(Fredericton, NB) – The Fredericton Chamber of Commerce is calling on the New Brunswick Government to work as expediently as possible to meet the five hydraulic fracturing moratorium conditions set out on December 18, 2014 to their satisfaction. The industry has economic potential in the province and as such, every attempt should be made to develop it if responsibly possible.
“The five conditions appear to be a nebulous mix of objective and subjective standards that can only be fulfilled and satisfied by the government itself,” said Joseph O’Donnell, chamber president. “We are concerned that it signals that New Brunswick is closed for business particularly given the hundreds of millions of dollars that have been invested in the industry, which may now never see a return for those companies. Our primary concern is that political agendas will get in the way of economic agendas and that the conditions attached and future policy will be motivated by politics and not by economics and the environment.”
The government must followthrough on their commitment to make factbased decisions and thereby remove emotion from the equation, which is substantial on this issue. The current government has pledged to look under every rock to find economic opportunities for New Brunswickers the natural gas industry is one of these rocks. If this potential source of revenue isn’t going to be developed, then what other sources are going to be used instead?
“We feel that the debate has been mischaracterized as economics versus environment,” added Krista Ross, chamber CEO. “A healthy economy and a healthy environment are not mutually exclusive we completely agree that a strong regulatory and enforcement regime are critical. From what we understand, New Brunswick has some of the strictest rules of any jurisdiction and the safety record across Canada has been very good. We will never be able to eliminate all risk from any industry, it’s a question of balance, preparation and mitigation.”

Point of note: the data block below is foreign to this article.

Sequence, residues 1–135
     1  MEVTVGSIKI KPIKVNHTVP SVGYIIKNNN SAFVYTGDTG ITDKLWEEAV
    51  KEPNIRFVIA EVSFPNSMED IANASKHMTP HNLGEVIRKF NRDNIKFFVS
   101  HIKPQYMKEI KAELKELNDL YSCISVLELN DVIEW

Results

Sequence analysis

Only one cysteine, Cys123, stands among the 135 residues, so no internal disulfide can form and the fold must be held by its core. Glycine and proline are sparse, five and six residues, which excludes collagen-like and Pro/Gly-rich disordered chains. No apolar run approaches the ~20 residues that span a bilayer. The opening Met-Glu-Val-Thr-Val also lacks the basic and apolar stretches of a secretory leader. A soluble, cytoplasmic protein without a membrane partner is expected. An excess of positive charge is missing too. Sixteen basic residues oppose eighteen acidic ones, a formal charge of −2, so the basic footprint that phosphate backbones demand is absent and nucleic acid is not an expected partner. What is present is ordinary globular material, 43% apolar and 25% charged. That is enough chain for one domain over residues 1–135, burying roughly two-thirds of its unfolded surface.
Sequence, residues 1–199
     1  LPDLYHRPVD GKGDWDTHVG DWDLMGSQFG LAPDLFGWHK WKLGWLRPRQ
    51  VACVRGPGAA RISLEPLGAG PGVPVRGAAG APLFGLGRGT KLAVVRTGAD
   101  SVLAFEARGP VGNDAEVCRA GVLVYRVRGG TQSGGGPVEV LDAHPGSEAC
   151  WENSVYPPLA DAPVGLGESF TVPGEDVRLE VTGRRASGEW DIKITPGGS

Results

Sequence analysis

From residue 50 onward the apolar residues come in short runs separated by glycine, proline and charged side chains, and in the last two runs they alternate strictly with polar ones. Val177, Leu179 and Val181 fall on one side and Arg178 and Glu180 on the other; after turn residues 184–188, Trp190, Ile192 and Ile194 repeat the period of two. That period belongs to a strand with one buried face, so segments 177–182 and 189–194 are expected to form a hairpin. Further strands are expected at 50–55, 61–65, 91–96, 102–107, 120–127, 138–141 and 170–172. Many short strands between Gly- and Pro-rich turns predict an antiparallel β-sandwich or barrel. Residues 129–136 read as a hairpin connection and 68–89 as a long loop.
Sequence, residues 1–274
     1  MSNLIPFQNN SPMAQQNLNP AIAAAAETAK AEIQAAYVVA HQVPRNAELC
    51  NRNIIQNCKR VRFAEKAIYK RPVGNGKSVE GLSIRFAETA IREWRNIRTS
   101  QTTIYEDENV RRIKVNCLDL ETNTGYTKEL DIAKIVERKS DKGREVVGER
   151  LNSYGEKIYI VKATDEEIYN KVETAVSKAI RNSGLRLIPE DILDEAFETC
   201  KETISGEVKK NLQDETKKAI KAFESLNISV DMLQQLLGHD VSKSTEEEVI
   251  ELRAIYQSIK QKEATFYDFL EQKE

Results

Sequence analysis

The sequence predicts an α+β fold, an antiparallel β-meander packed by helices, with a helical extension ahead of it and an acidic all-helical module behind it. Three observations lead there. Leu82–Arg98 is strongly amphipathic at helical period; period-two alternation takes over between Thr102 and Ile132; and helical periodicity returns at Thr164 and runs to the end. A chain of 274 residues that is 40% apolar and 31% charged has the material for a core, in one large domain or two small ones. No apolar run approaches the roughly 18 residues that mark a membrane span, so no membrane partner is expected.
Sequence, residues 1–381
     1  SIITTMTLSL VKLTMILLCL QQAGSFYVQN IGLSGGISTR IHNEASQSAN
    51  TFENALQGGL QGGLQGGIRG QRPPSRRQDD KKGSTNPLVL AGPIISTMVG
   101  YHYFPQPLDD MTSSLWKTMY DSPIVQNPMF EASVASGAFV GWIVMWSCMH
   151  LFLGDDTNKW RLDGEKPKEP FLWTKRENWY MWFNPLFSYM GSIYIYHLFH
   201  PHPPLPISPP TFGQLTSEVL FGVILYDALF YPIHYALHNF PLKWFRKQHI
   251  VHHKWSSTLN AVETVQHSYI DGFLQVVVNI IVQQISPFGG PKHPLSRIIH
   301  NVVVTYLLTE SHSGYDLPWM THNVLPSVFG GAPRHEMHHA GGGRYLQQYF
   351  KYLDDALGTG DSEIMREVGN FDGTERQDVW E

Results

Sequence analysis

The social license condition will be a particularly difficult hurdle to overcome. Given the rhetoric involved in the current public discourse, it is unlikely that a substantial majority of New Brunswickers will agree to a practice that most do not understand the science behind.
“The chamber encourages the Minister of Energy and Mines to act quickly on gathering the information his government requires to satisfy the conditions to lift the moratorium and make clear how they define a ‘social license’ in this case,” Ross said. “The Premier has already acknowledged that the concept “is hard to define.” If it is hard for the government to define their own policies, then it will be hard for companies to make investments in New Brunswick based on these policies.”
Contact: Krista Ross, Chamber CEO (506) 4588006
With more than 900 members, the Fredericton Chamber of Commerce is New Brunswick’s largest chamber of commerce. A dynamic business organization, the Fredericton Chamber of Commerce is actively engaged in policy development that affects the competitiveness of our members and of the Canadian business environment.
P.O. Box 275, 364 York Street, Suite 200, Fredericton, New Brunswick, Canada, E3B 4Y9
Tel: 506 4588006 Fax: 506 4511119